• oftenly directly supports OS scripting
  • supports application interfaces (API) through a set of plugins
  • may offer REST-based API in itself for integration and SOA

Service Orchestration

  • uses SOA patterns
  • is mostly message oriented (focuses on the exchange of messages between services)
  • supports message topics and queues
  • leverages a message broker and (enterprise) service bus
  • can leverage and provide API
  • composes low level services to higher level business process oriented services

Vendor examples of the former are vRealize Orchestrator, HP Operations Orchestration, Automic ONE Automation, BMC Atrium, System Center Orchestrator, ServiceNow (unsurprisingly some of these products have an essential say in the field of automation as well).

Service orchestration examples would be vendors or products like TIBCO, MuleSoft, WSO2, Microsoft BizTalk, OpenText Cordys or Oracle Fusion.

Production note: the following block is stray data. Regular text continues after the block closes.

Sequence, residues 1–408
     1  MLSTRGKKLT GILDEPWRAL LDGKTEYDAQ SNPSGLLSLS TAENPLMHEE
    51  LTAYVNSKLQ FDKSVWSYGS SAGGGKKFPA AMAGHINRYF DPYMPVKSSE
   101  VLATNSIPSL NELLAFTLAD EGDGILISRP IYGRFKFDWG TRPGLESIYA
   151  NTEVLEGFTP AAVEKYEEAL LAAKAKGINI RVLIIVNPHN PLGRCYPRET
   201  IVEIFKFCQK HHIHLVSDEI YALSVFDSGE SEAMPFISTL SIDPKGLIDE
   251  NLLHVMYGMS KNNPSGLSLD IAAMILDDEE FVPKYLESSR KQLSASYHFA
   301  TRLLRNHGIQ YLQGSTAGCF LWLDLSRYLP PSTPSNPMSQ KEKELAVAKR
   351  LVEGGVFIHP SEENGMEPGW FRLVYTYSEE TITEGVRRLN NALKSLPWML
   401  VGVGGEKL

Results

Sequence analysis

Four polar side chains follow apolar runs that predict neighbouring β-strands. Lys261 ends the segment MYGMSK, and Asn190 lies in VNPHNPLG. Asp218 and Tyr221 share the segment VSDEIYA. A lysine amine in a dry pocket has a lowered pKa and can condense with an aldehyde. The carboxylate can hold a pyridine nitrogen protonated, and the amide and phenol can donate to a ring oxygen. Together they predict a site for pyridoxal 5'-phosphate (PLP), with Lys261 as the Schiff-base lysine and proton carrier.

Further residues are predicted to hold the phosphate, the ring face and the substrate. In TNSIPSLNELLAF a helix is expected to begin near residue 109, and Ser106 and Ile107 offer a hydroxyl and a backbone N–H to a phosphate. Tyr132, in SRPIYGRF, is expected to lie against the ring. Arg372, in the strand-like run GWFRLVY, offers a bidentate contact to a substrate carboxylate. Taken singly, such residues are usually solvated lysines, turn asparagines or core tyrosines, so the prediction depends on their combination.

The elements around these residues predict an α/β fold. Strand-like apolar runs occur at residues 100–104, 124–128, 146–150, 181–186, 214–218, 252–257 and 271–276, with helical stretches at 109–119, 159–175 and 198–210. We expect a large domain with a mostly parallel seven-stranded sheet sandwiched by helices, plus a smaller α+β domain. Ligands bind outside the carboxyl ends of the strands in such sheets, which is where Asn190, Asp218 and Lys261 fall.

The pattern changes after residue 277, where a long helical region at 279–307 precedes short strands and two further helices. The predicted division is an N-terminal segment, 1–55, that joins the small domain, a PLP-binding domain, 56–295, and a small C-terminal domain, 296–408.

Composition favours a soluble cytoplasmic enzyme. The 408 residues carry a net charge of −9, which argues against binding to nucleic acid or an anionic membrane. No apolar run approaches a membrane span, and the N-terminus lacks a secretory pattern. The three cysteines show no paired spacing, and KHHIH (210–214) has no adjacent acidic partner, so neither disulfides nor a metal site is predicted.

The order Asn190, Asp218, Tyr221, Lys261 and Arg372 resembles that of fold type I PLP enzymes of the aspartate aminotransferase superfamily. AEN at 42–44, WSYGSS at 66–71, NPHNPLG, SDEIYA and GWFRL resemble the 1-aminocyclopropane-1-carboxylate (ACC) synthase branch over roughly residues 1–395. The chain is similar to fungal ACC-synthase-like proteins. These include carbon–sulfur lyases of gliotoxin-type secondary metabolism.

System orchestration key features

System orchestrators are mainly demanded to support a huge variety of underlying applications and IT services in a highly flexible and scalable way:

  • OS neutral installation (depending on specific infrastructure operations requirements)
  • Clustering or node setup possible for scalability and availability reasons
  • Ease of use; low entry threshold for orchestration/automation developers
  • Support quality; support ecosystem (community, online support access, etc.)
  • Database dependency to minimum extent; major databases to be supported equally
  • Built-in business continuity support (backup/restore without major effort)
  • Northbound integratability: REST API
  • Southbound integratability and extensibility: either built-in, by leveraging APIs or by means of a plugin ecosystem
  • Plugin SDK for vendor external plugin development support
  • Scripting possible but not necessarily needed
  • Ease of orchestrating vendor-external services (as vendor neutral as possible, depending on landscape to be orchestrated/integrated)
  • Self-orchestration possible